Project description:Bone homeostasis is delicately orchestrated by osteoblasts and osteoclasts. Various pathological bone loss situations result from the overactivated osteoclastogenesis. Receptor activator of nuclear factor ?B ligand (RANKL)-activated NF-?B and MAPK pathways is vital for osteoclastogenesis. Here, we for the first time explored the effects of l-tetrahydropalmatine (l-THP), an active alkaloid derived from corydalis, on the formation and function of osteoclasts in vitro and in vivo. In RAW264.7 cells and bone marrow monocytes cells (BMMCs), l-THP inhibited osteoclastic differentiation at the early stage, down-regulated transcription level of osteoclastogenesis-related genes and impaired osteoclasts functions. Mechanically, Western blot showed that l-THP inhibited the phosphorylation of P50, P65, I?B, ERK, JNK and P38, and the electrophoretic mobility shift assay (EMSA) revealed that DNA binding activity of NF-?B was suppressed, ultimately inhibiting the expression of nuclear factor of activated T cells (NFATc1). Besides, Co-immunoprecipitation indicated that l-THP blocked the interactions of RANK and TNF receptor associated factor 6 (TRAF6) at an upstream site. In vivo, l-THP significantly inhibited ovariectomy-induced bone loss and osteoclastogenesis in mice. Collectively, our study demonstrated that l-THP suppressed osteoclastogenesis by blocking RANK-TRAF6 interactions and inhibiting NF-?B and MAPK pathways. l-THP is a promising agent for treating osteoclastogenesis-related diseases such as post-menopausal osteoporosis.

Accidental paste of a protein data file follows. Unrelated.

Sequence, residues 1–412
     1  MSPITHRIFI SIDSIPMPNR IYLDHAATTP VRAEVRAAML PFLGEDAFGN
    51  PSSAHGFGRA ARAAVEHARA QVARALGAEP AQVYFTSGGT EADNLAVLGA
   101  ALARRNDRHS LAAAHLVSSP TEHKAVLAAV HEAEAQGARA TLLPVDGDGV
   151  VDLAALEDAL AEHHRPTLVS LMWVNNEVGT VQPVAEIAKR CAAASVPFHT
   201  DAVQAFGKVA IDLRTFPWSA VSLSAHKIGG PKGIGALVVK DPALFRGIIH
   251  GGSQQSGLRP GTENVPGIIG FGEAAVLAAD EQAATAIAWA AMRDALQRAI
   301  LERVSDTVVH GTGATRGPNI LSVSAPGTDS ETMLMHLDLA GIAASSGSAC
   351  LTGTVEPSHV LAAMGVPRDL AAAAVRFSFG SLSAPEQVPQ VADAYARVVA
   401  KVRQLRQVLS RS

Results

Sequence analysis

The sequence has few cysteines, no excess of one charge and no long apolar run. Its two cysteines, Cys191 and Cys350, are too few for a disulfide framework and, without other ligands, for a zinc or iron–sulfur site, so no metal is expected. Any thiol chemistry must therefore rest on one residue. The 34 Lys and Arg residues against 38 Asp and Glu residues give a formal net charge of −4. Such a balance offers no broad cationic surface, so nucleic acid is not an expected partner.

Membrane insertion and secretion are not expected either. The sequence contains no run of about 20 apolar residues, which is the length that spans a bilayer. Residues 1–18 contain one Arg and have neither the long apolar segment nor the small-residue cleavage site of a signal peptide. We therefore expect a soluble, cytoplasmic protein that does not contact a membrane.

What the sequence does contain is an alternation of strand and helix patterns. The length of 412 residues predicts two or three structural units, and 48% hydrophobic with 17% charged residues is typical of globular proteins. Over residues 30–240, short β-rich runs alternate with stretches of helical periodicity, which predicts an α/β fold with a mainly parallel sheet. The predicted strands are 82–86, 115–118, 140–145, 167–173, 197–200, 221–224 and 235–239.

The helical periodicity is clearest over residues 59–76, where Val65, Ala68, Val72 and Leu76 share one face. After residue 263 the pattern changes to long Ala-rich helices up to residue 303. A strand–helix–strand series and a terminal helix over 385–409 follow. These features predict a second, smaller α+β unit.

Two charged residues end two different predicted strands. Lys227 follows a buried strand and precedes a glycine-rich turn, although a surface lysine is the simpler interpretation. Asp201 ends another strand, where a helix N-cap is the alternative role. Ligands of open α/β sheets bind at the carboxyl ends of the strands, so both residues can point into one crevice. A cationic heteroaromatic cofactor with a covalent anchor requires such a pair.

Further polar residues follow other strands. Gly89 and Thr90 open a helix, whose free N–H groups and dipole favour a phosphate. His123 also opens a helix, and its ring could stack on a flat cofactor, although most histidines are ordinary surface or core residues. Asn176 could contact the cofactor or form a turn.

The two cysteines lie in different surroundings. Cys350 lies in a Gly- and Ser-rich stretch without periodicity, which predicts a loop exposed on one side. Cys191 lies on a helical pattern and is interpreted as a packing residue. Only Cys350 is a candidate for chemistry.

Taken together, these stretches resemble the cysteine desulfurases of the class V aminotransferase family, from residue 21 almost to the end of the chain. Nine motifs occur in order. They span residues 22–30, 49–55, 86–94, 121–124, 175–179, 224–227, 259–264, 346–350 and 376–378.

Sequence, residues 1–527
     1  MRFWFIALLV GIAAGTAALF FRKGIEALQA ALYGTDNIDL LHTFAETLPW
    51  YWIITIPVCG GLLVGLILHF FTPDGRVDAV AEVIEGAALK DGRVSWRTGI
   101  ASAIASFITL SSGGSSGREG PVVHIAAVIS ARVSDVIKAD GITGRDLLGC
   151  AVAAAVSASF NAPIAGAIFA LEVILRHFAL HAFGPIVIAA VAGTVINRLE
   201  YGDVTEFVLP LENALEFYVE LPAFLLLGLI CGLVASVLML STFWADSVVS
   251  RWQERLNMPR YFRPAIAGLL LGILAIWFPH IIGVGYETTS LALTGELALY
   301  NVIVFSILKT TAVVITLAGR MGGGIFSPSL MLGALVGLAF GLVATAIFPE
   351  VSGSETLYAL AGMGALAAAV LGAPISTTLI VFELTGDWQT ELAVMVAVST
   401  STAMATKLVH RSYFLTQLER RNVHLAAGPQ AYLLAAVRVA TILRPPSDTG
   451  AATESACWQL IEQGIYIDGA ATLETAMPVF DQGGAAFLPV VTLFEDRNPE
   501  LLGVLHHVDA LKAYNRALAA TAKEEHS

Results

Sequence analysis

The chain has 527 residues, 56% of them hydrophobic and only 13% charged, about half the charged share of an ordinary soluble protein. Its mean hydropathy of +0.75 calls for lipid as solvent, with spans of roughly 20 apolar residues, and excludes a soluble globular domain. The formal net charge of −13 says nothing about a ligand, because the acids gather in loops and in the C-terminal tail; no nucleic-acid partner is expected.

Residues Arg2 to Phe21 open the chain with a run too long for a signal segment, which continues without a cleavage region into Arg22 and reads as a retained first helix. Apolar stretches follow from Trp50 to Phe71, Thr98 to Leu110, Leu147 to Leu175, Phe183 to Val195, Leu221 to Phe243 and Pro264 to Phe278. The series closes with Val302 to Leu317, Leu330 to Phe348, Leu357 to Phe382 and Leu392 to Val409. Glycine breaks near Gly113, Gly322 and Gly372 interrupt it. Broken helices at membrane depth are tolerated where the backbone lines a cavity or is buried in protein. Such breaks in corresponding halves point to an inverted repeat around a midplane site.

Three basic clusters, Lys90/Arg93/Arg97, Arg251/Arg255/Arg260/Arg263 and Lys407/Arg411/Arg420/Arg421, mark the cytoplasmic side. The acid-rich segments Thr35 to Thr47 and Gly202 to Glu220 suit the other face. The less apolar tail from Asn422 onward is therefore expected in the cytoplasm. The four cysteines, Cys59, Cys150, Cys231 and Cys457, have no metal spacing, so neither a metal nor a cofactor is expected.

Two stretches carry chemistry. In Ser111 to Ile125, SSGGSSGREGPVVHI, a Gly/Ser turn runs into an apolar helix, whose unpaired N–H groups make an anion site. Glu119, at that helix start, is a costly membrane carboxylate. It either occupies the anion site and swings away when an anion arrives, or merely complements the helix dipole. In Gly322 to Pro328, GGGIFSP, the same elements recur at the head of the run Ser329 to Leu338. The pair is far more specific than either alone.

Project description:Receptor activator of NF-?B ligand (RANKL) is essential for osteoclastogenesis. Targeting RANKL signaling pathways has been an encouraging strategy for treating lytic bone diseases such as osteoporosis and rheumatoid arthritis (RA). Sinomenine (SIN), derived from Chinese medicinal plant Sinomenioumacutum, is an active compound to treat RA, but its effect on osteoclasts has been hitherto unknown. In the present study, SIN was found to ameliorate M. tuberculosis H37Ra (Mt)-induced bone loss in rats with a decreased serum level of TRACP5b and RANKL, and an increased level of osteoprotegerin (OPG). In vitro study also showed that SIN could inhibit RANKL-induced osteoclast formation and bone resorption. The osteoclastic specific marker genes induced by RANKL including c-Src, MMP-9, TRACP were inhibited by SIN in a dose dependent manner. Signal transduction studies showed that SIN could obviously reduce the expression of RANK adaptor molecule TRAF6 and down-regulate RANKL-induced NF-?B activation. It decreased the RANKL-induced p38, JNK posphorylation but not ERK1/2 posphorylation. SIN could also reduce RANKL-mediated calcium influx which is associated with TRAF6/c-Src complex. Finally, SIN suppressed RANKL induced AP-1 and NFAT transcription, as well as the gene expression of NFATc1 and AP-1 components (Fra-1, Fra-2, c-Fos). The protein expression of c-Fos and TRAF6 were also inhibited by SIN after RANKL stimulation. Taken together, SIN could attenuate osteoclast formation and Mt-induced bone loss by mediating RANKL signaling pathways.